News » Whistler

whistler transit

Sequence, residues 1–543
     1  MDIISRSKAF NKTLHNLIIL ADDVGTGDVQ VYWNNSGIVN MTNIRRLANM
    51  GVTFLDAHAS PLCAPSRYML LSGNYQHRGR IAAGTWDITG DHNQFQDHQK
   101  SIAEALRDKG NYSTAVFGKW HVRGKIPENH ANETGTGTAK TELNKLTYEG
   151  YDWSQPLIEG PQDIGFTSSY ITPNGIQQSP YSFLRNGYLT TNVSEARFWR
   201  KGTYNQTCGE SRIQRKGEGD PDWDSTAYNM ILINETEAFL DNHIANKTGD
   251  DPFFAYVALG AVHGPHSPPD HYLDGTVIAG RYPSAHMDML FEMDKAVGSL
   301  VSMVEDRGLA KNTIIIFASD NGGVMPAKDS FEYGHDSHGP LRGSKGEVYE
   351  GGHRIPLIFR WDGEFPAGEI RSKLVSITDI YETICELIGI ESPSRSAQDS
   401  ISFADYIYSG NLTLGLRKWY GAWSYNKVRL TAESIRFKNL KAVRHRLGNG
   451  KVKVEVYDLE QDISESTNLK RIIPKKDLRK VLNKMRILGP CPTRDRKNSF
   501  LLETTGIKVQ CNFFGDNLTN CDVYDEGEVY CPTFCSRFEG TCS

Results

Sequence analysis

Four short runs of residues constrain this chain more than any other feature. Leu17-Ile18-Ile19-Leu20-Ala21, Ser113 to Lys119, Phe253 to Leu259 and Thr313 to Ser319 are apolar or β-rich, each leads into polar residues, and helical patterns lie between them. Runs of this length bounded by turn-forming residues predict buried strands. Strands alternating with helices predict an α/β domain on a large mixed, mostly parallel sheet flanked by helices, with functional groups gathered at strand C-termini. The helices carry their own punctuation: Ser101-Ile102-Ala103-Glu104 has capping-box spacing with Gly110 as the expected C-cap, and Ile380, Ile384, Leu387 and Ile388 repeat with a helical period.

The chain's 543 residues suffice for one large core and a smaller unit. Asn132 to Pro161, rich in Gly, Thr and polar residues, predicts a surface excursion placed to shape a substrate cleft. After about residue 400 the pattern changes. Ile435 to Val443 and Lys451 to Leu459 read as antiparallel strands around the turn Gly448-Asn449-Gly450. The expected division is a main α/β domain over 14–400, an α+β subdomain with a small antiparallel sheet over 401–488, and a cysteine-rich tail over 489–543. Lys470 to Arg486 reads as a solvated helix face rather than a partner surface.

New buses scheduled for Whistler Transit system By Andy Stonehouse Whistler's efforts to boost the popularity of public transit have been a resounding success, in light of statistics that show the local bus system to be one of the best-used in the province. As a result, local transportation planners have given the green light to boost the population at the Function Junction bus barn with four new high-tech, handicap-accessible buses. According to numbers generated during BC Transit's annual performance summary, the local bus system carries the largest number of paid passengers per capita, produces the highest revenue per bus and enjoys the highest cost recovery of other local systems in the province — excepting Vancouver and Victoria's massive transit fleets. Whistler Councillor Nancy Wilhelm-Morden, chair of the local transit management committee, said that solid ridership and excellent revenues are part of the reason for buying new buses and constantly modifying local transit offerings. Wilhelm-Morden said Whistler Transit will be adding four new British-made buses in the spring and will be borrowing four other buses to put into service in the fall, until the custom-made numbers arrive. "We'll have four ready in the fall to help boost the winter schedule, and we'll have four new low-floor buses ready in the spring, at which point the four loaners will be taken out of service," she said. Linda Manheim, deputy municipal clerk and transit co-ordinator on the transit committee, said the new buses will be similar to those seen serving Handi-Dart routes in the Lower Mainland, although they will be modified to have two sets of doors for quicker loading and unloading of passengers. The buses can also "kneel" up to the curb to allow easier access for customers in wheelchairs. The new buses will supplement Whistler Transit's fleet of 11 buses currently in service, including one newer bus which came on service earlier in the year. Several of the buses are used as spares. Wilhelm-Morden said the new buses will likely be assigned to the community's busiest routes, including the free village shuttle. "There's a possibility of adding a bus to the Creekside-Whistler Village route, as there are a lot of people down there using the service. There's also some thought of splitting the Alpine and Emerald run into two separate routes." In addition to discussing the new buses at their most recent meeting, transit committee members also decided to hire a consultant to look into changing the paint job on the local buses to reflect a more "Whistler" look. Wilhelm-Morden said riders don't have to worry about buses suddenly being painted with huge pictures of Shaquille O'Neal or cellular phones, like those in some cities. The consultant will be investigating some discrete colours but will still try to make them look a bit different than other BC Transit buses across the province. BC Transit has also been asked to investigate the possibility of arranging scheduled public transit both in the village of Pemberton and between Pemberton and Whistler, although Wilhelm-Morden said that would pose some conflict to Maverick Coach Lines, which already offers limited service to Pemberton and Mount Currie. "We like the idea of seamless service from Pemberton to Whistler, but it's not a simple as it would appear. BC Transit doesn't like doing long routes between communities, except for a few instances like the Vancouver to West Vancouver connection." Wilhelm-Morden said the transit committee also pondered the idea of following the example of U.S. ski communities like Aspen, Vail and Mammoth and getting local businesses to help pay for bus services. In each of those American resorts, local bus service is free to riders but the costs are picked up by the local ski company. "We haven't formalized anything through the committee, but we'd like to work toward a similar frequent free service in the community. There'd have to be significant cost-sharing with the local stakeholders. I think the writing is on the wall." Compared to other transit systems in the Fraser Valley, Kamloops, Kelowna, Nanaimo and Prince George, Whistler buses carry the highest number of revenue passengers per bus per year, and the community has the largest fleet per capita of population. Whistler Transit also has the most number of riders per capita, the most rides per hour and produces the lowest operating costs per ride.